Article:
When presented with real number as a decimal, are there any methods to finding "good" rational approximations $a/b$ to that number? By "good" I mean that $a$ and $b$ are reasonably small integers. For example suppose you're handed the number $$ 1.7320508075688772935274463415058723 \dots $$ An obvious way to rationally approximate this numbers is to truncate it after the $-n$th decimal place and place it over $10^n$. So $$ \frac{173}{100} \quad\text{or}\quad \frac{1732050807}{1000000000} \quad\text{or}\quad \frac{1732050807568877}{1000000000000000} $$ are increasingly good rational approximations. A way I can see to improve this is if you chose to truncate at a multiple of $2$ or $5$, your rational approximation will reduce to one that is more "good". For example $$ \frac{1732}{1000} = \frac{433}{250} \qquad\text{and}\qquad \frac{173205}{100000} = \frac{34641}{20000} $$ Is there a clever way to see which multiples of $2$ of $5$ to truncate after to get a rational approximation that reduces a lot? This works because we express the decimal in base $10$, so are there any tricks considering the number in a different base? Is there an idea that's not even on my radar?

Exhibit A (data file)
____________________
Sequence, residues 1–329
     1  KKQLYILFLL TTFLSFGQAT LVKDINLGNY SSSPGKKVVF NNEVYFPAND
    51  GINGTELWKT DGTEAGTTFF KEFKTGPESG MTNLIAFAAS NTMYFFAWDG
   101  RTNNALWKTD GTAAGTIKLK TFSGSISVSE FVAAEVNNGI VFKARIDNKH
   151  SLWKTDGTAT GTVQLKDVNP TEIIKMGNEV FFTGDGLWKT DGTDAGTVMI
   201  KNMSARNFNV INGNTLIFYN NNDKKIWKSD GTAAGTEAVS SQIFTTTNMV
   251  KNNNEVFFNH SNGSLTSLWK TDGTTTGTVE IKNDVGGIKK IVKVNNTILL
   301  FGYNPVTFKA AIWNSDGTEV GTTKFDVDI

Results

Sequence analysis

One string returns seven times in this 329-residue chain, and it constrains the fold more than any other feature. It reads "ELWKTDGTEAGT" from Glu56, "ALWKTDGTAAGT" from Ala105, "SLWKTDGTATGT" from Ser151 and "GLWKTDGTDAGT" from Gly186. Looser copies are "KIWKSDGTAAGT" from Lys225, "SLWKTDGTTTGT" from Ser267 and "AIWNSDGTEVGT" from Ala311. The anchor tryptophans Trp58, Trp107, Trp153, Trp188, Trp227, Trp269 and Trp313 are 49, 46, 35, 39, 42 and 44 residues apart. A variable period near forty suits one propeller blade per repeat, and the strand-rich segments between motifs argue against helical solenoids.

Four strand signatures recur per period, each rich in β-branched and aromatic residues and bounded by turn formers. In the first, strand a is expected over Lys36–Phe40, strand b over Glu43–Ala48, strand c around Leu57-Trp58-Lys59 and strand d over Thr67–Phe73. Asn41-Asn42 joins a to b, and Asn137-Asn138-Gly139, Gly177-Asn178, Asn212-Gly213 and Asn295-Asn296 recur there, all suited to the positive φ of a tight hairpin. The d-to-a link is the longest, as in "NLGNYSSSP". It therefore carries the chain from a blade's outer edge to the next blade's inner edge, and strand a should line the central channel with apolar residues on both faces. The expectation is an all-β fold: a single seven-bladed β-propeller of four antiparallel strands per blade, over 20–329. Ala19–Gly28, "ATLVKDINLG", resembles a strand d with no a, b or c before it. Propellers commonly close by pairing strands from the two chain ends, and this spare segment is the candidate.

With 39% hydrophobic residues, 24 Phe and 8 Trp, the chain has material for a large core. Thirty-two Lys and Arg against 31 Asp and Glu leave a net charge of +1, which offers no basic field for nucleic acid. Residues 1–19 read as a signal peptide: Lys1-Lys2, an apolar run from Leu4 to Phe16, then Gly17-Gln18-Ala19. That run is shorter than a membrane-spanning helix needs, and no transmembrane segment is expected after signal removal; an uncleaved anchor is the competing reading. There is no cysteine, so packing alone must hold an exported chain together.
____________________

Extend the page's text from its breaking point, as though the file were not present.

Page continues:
There's an obvious algorithmic iterative "bottom-up" way to find a good rational approximation. It's not terribly clever though. I can type it up as an answer in a second if no one else wants to.

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    $\begingroup$ Try the continued fraction $\endgroup$
    – Henry
    Nov 10, 2021 at 16:25
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    $\begingroup$ Yes. Here is a link. This is exactly what continued fractions are good at. $\endgroup$
    – TonyK
    Nov 10, 2021 at 16:26
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    $\begingroup$ The usual way to find the best rational approximations is continued fractions. But are you looking to have the best approximation overall or specifically one with a "nice" denominator? $\endgroup$ Nov 10, 2021 at 16:26
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    $\begingroup$ See also Dirichlet's approximation theorem which essentially says that "good" rational approximations exist, in the sense of small denominator compared to precision, and the Thue-Siegel-Roth theorem (or whatever you want to call it) on how algebraic irrational numbers can't be approximated too well in some technical sense. $\endgroup$
    – prets
    Nov 10, 2021 at 16:30